I did a double-take when I saw the recent photo in the news of the students forming the Solo Cup swastika and making a Nazi salute at a weekend party. This image came on the heels of another photo of a group of laughing young men making the Nazi salute prior to a school dance. Swirling around these events have been Jewish cemetery desecrations, hate-filled graffiti, and even swastikas drawn in blood. And in this context, we still grieve for the Jewish congregants shot dead at the Tree of Life synagogue and now the murder of 50 Muslim worshipers at two mosques in New Zealand.
I am sure many have felt as I do: What is happening? What can I do about it? On an intellectual level, I know this is not new – hatred, violence, and targeting of the “other” has always been with us. The acts of violence may ebb, but it is always there.
Having spent the better part of 25 years working in anti-bias and Holocaust education, I feel some sense of failure. Even though I know these incidents do not reflect the values and beliefs of the majority of people, I can’t help but question if the work I have done has mattered. I recall my former colleague who would say that the efforts to counter hatred, antisemitism, and racism could sometimes feel like having the tiniest of pink Baskin-Robbins sample spoons, trying to chip away at the mountain of mistrust, fear, anger, ignorance, resentment, or downright apathy that can so often push against positive change. She would use this analogy to inspire others – if we all worked together, even with the smallest of tools, we could get there.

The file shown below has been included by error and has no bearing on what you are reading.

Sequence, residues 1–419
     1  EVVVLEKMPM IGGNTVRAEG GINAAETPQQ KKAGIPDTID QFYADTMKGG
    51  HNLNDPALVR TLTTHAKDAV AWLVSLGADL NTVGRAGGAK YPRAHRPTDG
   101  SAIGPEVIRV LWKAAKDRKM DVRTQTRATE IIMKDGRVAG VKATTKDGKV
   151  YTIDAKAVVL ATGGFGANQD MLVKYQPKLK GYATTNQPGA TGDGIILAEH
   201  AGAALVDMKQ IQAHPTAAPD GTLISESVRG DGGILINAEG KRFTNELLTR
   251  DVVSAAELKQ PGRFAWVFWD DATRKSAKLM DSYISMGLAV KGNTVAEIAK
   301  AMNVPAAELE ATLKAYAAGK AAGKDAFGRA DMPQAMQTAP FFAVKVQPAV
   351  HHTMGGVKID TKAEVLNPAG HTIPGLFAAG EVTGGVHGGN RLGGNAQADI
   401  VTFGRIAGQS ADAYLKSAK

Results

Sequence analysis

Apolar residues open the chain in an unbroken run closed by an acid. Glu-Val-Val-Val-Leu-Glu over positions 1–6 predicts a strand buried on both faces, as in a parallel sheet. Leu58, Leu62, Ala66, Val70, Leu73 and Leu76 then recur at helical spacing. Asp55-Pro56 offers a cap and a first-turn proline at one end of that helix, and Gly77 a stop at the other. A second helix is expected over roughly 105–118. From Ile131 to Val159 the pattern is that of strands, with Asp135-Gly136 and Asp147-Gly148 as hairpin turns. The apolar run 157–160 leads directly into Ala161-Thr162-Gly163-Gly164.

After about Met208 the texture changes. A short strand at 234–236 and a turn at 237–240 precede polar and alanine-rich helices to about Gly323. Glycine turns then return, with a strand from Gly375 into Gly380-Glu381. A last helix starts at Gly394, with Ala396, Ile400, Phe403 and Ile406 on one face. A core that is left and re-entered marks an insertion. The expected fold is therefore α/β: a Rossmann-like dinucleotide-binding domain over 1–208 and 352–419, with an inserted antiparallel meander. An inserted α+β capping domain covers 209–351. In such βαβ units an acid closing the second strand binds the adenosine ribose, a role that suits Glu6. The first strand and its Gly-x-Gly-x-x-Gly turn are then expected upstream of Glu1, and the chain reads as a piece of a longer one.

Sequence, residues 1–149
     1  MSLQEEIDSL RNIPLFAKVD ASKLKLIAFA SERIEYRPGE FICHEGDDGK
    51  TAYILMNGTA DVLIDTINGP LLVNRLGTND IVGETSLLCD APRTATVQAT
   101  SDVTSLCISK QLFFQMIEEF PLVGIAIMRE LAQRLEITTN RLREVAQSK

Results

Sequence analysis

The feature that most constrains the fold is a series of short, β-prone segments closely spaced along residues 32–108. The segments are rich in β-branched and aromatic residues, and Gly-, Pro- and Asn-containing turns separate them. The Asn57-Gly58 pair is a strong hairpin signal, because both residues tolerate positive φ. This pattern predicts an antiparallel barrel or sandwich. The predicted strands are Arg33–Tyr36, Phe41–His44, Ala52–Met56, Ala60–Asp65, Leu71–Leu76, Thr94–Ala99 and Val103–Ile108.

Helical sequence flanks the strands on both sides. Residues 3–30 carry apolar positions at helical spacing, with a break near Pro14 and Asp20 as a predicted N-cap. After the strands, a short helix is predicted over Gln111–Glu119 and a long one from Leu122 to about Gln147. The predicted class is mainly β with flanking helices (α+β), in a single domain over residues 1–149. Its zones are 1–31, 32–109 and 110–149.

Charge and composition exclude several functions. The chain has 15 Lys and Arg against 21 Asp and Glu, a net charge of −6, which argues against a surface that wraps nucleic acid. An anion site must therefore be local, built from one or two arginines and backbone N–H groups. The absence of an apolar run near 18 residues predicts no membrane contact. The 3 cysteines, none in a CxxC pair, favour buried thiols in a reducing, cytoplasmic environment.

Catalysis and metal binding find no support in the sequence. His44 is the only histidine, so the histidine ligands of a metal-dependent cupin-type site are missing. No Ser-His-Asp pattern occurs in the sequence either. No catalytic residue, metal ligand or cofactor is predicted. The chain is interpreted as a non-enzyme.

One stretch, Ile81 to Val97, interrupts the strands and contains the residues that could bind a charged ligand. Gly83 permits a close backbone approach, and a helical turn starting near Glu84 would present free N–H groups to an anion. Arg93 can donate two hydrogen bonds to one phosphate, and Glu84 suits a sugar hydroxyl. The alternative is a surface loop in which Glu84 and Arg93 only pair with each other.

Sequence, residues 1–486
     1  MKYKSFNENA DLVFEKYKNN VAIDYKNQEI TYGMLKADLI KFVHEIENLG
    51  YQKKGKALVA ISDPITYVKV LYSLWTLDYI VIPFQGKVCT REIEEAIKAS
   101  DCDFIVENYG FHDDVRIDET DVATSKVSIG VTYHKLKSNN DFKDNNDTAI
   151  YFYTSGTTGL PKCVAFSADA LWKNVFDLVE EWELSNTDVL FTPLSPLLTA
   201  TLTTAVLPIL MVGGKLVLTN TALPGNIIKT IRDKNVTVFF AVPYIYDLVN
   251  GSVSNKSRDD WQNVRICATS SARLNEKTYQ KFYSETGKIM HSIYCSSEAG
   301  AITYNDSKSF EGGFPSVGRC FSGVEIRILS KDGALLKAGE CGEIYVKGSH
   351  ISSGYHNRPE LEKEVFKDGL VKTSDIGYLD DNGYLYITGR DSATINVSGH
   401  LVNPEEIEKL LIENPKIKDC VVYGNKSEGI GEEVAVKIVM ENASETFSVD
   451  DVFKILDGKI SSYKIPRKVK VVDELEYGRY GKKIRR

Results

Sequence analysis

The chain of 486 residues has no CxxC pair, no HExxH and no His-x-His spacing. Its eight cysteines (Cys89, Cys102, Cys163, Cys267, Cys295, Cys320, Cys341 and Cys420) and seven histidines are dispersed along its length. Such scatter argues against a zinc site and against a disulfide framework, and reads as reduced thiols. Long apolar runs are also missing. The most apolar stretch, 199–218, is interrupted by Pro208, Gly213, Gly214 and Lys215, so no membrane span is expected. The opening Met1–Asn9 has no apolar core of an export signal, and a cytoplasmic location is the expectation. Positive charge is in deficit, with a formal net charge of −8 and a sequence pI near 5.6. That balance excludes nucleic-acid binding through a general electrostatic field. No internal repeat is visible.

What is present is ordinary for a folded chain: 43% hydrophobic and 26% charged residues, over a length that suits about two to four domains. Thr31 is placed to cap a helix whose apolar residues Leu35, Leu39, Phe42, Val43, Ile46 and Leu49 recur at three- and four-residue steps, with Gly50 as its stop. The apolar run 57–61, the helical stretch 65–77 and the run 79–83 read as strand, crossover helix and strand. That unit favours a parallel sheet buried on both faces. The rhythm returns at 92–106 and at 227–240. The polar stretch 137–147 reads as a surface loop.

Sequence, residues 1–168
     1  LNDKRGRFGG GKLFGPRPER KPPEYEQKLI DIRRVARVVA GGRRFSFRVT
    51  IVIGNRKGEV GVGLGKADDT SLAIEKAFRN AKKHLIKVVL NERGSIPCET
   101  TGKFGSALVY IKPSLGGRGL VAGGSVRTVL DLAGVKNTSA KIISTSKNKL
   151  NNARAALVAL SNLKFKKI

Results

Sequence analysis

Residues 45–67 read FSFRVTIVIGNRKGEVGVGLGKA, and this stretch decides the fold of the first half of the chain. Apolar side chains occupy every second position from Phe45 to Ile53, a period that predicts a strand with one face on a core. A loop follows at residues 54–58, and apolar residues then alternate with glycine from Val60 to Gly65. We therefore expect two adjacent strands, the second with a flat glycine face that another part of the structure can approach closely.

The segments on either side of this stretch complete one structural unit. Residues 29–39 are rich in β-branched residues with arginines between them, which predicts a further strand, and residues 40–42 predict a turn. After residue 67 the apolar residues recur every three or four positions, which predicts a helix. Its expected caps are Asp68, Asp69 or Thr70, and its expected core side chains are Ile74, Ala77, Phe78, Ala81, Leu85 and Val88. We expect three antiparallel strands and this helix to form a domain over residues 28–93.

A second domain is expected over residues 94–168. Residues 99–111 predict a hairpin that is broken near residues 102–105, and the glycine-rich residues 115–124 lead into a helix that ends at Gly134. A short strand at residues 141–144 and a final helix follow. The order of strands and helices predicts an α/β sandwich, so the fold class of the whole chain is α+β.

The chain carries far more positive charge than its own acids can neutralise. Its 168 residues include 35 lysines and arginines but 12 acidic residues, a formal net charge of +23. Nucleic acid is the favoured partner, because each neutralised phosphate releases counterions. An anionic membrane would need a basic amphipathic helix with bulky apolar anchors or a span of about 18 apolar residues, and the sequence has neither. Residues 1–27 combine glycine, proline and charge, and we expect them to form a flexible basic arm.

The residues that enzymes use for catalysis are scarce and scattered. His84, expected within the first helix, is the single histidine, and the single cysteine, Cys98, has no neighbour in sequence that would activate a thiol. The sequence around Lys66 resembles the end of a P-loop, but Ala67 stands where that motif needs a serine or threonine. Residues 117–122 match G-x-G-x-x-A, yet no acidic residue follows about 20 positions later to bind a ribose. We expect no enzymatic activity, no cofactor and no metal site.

So, I move on. But I haven’t quite been able to get the image of the Solo-Cup swastika out of my head. Is the Holocaust such a remote event that it has lost all meaning? Are students merely reflecting a society where hate crimes are on the rise, and the swastika the symbol of choice to provoke and shock? Is this an inevitable by-product of a world where life for so many young people (and some not so young) is defined and experienced through rapid-fire photo snaps, posts, and tweets, without any time to think or process the words or images that consume them?
In some despair, I reached out to one of my wisest counselors: my 16-year-old daughter. “What is this about?”, I asked her. “Do you think these young people have never been taught about the Holocaust? Do they not understand the pain this causes or recognize this as a symbol of the most awful form of hatred?” “Sure, but they probably don’t care,” she quickly answered.
Therein lies the rub: caring. I’ve always framed my work, as many do, in three, interlocking phases of impact: What do we need to know about an issue/topic, why should we care, and how can we act to make a positive difference. Or, in the more poetic frame, how do we inform the head, move the heart, and motivate the hands.